• Red pepper flake or cayenne pepper – if you’re feeling devilish and like your food spicy
  • Rice or cauliflower rice to serve with the dish.


The instructions below are using the veggies I used above. If you selected different veggies, try to dice them up in a similar way and continue with the instructions!

Remember, all we’re really doing below is cutting and cooking the veggies and meat, cooking the sauce, and mixing everything together.

1. Dice your onion, peel and mince garlic cloves, (if you don’t know how to dice an onion, check out this link.)


For the garlic, remember the difference between cloves and bulbs? Cloves are the little guys inside the bulbs. To peel, smash the clove under the flat side of a knife and easily pull away the paper-like wrapping. Then cut the garlic super small.


2. Peel and chop your ginger. After last month’s recipe for Sesame Chicken Wings, a few of you lovely people pointed out that there’s a way easier method of peeling ginger, which is done with a spoon.


This is definitely the easiest way to do this. Check out a how-to video here:

You can either mince your ginger like we did for this recipe or shred it with a cheese grater. The difference between these two methods is in the texture of the ginger. If you shred it, it’ll incorporate straight into the sauce. If you mince it, you’ll get little bites of ginger while you’re eating.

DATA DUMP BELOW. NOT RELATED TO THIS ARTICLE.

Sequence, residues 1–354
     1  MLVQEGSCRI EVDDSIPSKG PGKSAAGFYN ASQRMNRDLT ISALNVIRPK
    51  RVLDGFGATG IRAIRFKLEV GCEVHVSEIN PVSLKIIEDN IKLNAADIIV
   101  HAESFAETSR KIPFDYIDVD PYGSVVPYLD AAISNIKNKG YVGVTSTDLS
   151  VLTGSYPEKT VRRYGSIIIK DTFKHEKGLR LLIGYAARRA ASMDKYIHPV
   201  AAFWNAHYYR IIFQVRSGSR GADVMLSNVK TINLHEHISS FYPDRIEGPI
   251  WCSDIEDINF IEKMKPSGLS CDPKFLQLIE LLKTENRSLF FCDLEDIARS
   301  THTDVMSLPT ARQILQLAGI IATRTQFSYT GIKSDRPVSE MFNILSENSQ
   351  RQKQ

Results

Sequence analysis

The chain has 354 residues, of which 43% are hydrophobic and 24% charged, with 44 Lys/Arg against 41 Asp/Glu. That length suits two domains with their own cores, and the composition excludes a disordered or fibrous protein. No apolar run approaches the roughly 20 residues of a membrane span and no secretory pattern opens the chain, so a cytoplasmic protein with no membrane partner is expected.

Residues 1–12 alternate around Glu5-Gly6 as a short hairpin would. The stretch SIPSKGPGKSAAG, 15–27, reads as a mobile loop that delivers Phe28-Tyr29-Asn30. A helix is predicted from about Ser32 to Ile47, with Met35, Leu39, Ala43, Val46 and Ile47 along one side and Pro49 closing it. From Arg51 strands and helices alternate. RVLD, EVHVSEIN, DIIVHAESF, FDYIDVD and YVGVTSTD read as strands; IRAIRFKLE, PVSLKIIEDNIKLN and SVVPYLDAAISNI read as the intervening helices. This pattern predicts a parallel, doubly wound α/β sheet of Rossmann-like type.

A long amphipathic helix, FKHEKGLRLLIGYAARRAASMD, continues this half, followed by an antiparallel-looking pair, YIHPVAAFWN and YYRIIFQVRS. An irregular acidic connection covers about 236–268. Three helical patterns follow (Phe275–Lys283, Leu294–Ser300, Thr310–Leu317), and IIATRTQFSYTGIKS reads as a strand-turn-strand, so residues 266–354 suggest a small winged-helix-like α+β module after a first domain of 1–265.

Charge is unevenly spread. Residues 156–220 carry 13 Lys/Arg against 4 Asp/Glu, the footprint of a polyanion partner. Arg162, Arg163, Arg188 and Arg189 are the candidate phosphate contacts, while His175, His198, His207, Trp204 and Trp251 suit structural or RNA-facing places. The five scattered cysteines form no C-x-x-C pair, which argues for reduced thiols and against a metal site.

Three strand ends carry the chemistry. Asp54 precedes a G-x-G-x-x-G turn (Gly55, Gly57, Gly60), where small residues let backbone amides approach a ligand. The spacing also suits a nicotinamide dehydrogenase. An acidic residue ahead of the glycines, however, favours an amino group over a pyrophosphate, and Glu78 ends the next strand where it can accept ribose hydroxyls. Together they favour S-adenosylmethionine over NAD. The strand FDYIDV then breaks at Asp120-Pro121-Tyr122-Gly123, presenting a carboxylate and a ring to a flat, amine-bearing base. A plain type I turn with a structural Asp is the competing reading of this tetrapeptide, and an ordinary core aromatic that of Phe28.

If you do choose to shred it, be careful with your fingers and note that you’ll be holding onto a weird, stringy little stump when you’ve finished shredding. Just toss that bit. You don’t really want a knot of ginger fibers (or finger fibers) in your meal.

3. Wash and chop your veggies (if using fresh). Set aside. Refer to this article on how to chop your veggies.


If using snow peas, you don’t have to chop them, but do remember to remove the fibrous string located on the inside of the veggie (explained in the first 30 seconds of this video).


I separated my veggie ingredients into different bowls depending on which point in the recipe I use them. Onions, garlic, and ginger are all added to the pan in step 9, so they go together in one bowl.


All other veggies are used in step 10, so I kept these in a separate bowl for simplicity.

4. Slice your meat and/or peel, de-vein, and wash your shrimp. Thin slices are best for stir frying as they’ll cook faster.


5. Measure out all your other ingredients, open cans, etc. We do this ahead of time so that there’s nothing to distract you from *just* cooking.